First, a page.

Monday, May 14, 2012
Earthen Grave - Earthen Grave
I’ll be the first to tell you that I have no idea who the band Trouble is. I’ve seen their name and logo floating around in conversation and press for something like twenty years, but for some reason, I never followed up to find out anything on these guys. And, as of this writing, I still haven’t. I have other things to follow up on at the moment, and one of those things is a new band called Earthen Grave, which was founded by ex-Trouble bassist, Ron Holzner. Ta-da! See what I did there? Tried to link to the past with the present.
Earthen Grave just released their first full length, self-titled album, and folks . . . this is some heavy stuff. Perhaps, not the heaviest music I’ve ever heard, but it’s done with a unique flair that I appreciate wholeheartedly. Doom, as a genre, can be boring and derivative, at least to me . . . and if you know me, you know I like my music to push boundaries, get experimental, and explore new ideas to further expand said genre. Earthen Grave do just that. They work in textural passages, classical instruments, quieter instruments, and additional voices to create a style of Doom that constantly perks the ears towards the new nuances.
Case in point, check out the second track on the album called “Life Carries On”. The songs crushes with a great guitar riff, first in the left speaker, then picked up in the right, then back to the left . . . heavy, right? Then, barely fifteen seconds in, the ears are treated to the piercing wail of a violin. Not something obnoxious, but keyed in with the other instruments and complimenting their sounds. This pleasant little surprise is provided by the virtuosic talents of Rachel Barton Pine. Perfect notes played at the perfect times, adding textures where needed, and providing mesmerizing solos that steal the spotlight. I love the way the violins mesh so well with the ever powerful guitar work of Jason Muxlow and Tony Spillman, almost as if they’re holding their own private conversation within the master work, but never completely overshadowing the song. Of special note, check out the violin/guitar/guitar solo(s) around the 3:45 mark . . . the brilliance in the rhythm section holding down that Middle Eastern tinged groove and then having the soloists coming in to add the layers of sexy spice and sultry flavor, all flying around the senses in chaotic fashion, but never out of control.
Then there’s “Dismal Times”. Doom-y and dirge-y, with its slow and somber opening passage, then building to a guitar fueled riff in classic palm muted fury . . . this song is a horned fist thrown in the air and an homage to all that is classic heavy metal. Again, the violins add great textures and a fresh voice to the menacing and oppressing musical tones. The solo that Barton Pine lays down midway through the song is chilling and morose, caked in a veil of cobwebs from a haunted castle passageway. Then, the eruption of the band coming back in and the upbeat, mosh inducing riffology! Killer stuff! Serve me music with dynamics like this all day, all night . . . I’ll eat it up!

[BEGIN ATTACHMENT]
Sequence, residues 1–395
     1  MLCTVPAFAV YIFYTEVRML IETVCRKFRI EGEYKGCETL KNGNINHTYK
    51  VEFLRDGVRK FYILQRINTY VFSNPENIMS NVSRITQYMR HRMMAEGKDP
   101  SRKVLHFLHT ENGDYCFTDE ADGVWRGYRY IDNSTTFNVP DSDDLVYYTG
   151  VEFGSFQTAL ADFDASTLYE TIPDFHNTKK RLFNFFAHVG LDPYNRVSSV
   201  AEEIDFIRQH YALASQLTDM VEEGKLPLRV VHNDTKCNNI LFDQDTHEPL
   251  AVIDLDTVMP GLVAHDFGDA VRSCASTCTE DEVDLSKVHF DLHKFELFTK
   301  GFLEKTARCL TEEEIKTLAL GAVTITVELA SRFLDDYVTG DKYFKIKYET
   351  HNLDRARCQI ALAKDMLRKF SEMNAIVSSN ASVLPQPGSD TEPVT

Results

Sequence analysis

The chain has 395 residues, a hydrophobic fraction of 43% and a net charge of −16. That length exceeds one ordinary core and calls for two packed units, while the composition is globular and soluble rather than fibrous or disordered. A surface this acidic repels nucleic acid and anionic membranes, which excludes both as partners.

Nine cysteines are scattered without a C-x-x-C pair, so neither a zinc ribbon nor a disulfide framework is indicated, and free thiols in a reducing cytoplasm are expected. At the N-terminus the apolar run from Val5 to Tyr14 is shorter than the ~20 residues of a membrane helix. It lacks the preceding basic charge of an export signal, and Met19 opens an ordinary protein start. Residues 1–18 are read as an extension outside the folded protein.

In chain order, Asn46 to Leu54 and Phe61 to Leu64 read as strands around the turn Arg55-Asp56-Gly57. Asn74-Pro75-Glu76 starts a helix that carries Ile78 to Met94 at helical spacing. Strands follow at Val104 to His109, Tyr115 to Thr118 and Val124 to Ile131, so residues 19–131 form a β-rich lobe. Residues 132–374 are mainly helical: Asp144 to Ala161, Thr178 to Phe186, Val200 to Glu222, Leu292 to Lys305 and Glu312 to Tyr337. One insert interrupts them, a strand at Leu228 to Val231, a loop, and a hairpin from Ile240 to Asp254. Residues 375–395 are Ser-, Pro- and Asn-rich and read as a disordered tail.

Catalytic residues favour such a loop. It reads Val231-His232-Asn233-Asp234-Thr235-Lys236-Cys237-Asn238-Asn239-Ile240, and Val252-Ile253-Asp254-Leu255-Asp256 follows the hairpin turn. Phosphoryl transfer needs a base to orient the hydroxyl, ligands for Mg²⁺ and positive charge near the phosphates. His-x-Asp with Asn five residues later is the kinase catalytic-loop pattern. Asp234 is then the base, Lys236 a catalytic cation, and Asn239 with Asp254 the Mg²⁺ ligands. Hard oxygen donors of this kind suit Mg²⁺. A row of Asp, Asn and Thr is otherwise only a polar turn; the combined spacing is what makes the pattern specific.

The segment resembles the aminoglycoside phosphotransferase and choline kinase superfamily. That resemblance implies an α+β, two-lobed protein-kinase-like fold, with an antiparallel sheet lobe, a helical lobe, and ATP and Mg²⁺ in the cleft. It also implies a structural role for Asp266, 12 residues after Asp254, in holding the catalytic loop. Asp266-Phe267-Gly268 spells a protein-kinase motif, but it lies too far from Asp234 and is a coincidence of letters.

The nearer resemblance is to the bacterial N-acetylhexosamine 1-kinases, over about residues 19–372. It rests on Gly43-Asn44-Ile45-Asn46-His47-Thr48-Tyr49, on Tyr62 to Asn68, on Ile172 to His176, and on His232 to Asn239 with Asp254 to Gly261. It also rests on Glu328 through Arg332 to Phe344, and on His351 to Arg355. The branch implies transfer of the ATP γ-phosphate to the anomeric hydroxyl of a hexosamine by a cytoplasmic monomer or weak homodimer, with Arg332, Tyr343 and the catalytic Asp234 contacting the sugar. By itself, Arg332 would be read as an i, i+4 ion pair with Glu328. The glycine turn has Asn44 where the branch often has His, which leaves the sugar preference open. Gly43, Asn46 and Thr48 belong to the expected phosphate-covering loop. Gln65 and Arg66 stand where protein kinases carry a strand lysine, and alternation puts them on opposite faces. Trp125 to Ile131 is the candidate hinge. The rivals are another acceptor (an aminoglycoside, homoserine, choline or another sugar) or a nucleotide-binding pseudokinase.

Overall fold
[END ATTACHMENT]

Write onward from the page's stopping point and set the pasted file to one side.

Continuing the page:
“Beneath A Shovel Load” is another classic metal ditty that opens with soaring and diving guitar antics, a devastating droning rhythm, and some well timed distorted guitar chugs. String bending and mind altering, Earthen Grave deliver a scorcher of muscle flexing metal. This one is a full on headbanging groover that makes me want to dust of the old leather jacket or denim vest and sequester myself in a steaming room of like minded music freaks. I’m digging the guitars on this track, especially when one of the guitarists decides to sustain the notes while the other continues the multi-noted rhythmic groove. Subtle, but effective. Bitchin’ guitar solo on this track, as well. The violin solo towards the end of the tune is outstanding . . . full of energy, anger, excitement!
This album took some time to grow on me, but I’m finding myself going back to it more and more as time goes on. If Earthen Grave is the future of Doom, then the genre is in good hands. As I mentioned, I’m not the biggest of Doom fans, but when it’s performed and executed like this self-titled album, I could very easily be on the road to embracing the genre with greater tolerance. Every song has something fresh and unique thrown into the mix, whether it’s a female vocal harmony or a violin or an acoustic guitar, Earthen Grave are seemingly working towards separating their music from that of the masses. Heavy, yet with flashes of elegance. Menacing, but with touches of beauty. Yeah . . . I’m sold. Earthen Grave is a kick ass record!